Soskice is best known for her efforts to create a dialogue between feminism and mainstream theology. Her 2008 essay collection, The Kindness of God: Metaphor, Gender, and Religious Language, addressed such questions as whether a feminist can call God "father." (Answer: Yes, with some mental acrobatics.) While clearly sympathizing with the Smiths' struggles to gain recognition within a nearly all-male establishment, she strenuously avoids inserting feminist language or otherwise attempting to settle political scores. The mere facts of the indignities the sisters endured because of their sex--including the baseless insinuation that Agnes got too cozy with the St. Catherine's abbot--show how much the atmosphere for female theologians has improved since their time.
As the author attempts to hide her editorial voice behind her research, the reader is left free to ponder the contrast between the Smiths' uniformly dry demeanor and the ethereal glow of the book's most memorable woman. Persis Burkitt enters the story as her Cambridge-professor husband becomes one of three professors taking part in an 1893 excursion with the Smiths to St. Catherine's to examine the palimpsest Agnes had discovered. As she joins them for the camel ride across the Sinai, the pre-Raphaelite beauty conquers souls with her exquisite manners and her unexpected command of gutter Arabic. She is as joyful and lively as the twins are antiseptic and scrupulous.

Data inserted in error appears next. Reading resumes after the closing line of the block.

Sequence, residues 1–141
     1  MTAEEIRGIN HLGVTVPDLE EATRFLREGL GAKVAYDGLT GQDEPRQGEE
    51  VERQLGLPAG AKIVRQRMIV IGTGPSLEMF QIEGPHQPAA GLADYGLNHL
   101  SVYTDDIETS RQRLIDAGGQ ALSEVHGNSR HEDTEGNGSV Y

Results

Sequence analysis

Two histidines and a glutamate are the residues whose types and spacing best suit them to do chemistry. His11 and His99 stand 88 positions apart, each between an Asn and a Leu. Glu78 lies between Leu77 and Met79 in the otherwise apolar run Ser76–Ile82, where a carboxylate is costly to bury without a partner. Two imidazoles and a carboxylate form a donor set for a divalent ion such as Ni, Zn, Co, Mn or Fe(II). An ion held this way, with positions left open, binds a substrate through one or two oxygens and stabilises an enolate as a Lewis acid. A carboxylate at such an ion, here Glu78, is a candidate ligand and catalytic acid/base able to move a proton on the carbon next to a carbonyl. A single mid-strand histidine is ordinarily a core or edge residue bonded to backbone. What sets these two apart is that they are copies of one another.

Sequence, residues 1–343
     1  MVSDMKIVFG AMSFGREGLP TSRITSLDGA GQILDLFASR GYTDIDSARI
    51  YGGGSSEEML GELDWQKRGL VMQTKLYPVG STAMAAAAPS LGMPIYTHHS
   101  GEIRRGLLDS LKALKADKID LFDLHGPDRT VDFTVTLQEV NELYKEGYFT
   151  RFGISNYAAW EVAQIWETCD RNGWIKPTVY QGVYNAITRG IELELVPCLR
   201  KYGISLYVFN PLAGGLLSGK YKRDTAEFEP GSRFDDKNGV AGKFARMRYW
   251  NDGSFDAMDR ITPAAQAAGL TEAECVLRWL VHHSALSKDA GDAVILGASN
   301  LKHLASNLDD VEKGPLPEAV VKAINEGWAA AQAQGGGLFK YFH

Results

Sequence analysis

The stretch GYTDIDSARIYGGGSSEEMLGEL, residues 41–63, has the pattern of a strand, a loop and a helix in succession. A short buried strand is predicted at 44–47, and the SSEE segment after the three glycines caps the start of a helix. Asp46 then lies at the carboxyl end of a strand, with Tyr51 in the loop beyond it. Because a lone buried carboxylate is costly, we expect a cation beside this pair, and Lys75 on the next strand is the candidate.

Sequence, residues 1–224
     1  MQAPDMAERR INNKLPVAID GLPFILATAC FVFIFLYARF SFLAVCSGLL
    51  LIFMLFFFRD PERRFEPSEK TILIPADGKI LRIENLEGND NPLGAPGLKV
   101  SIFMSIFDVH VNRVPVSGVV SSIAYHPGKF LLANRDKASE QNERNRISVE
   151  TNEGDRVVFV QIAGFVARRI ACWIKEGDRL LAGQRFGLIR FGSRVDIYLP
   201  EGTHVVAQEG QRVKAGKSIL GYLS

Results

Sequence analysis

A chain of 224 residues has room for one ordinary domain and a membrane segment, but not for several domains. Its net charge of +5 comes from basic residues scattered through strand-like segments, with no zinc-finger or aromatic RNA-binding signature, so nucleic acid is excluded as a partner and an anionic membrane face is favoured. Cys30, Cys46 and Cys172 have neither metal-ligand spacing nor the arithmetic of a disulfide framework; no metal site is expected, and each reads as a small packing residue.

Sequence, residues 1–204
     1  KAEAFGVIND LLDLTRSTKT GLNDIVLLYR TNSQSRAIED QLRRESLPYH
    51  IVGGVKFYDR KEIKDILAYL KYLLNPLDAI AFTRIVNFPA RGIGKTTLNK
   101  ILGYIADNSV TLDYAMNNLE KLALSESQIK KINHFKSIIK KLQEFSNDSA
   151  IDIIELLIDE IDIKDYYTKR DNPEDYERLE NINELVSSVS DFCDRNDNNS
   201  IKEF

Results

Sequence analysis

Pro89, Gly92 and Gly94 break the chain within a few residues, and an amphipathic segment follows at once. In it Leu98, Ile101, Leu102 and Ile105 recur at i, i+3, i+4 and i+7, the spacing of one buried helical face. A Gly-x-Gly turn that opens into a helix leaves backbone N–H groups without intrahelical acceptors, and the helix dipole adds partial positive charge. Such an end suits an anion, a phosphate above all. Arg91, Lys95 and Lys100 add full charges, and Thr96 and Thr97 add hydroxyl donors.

Burkitt spent several years of her childhood in Lebanon, where her mother did missionary work, taking the girl with her on a donkey as she distributed New Testaments to villagers. As a result Persis acquired not just colloquial Arabic, but the salty vocabulary favored by donkey drivers and, it now appeared, camel drivers. She upbraided the Bedouin in their own colorful dialect and was from that moment their firm favorite. They called her "Princess."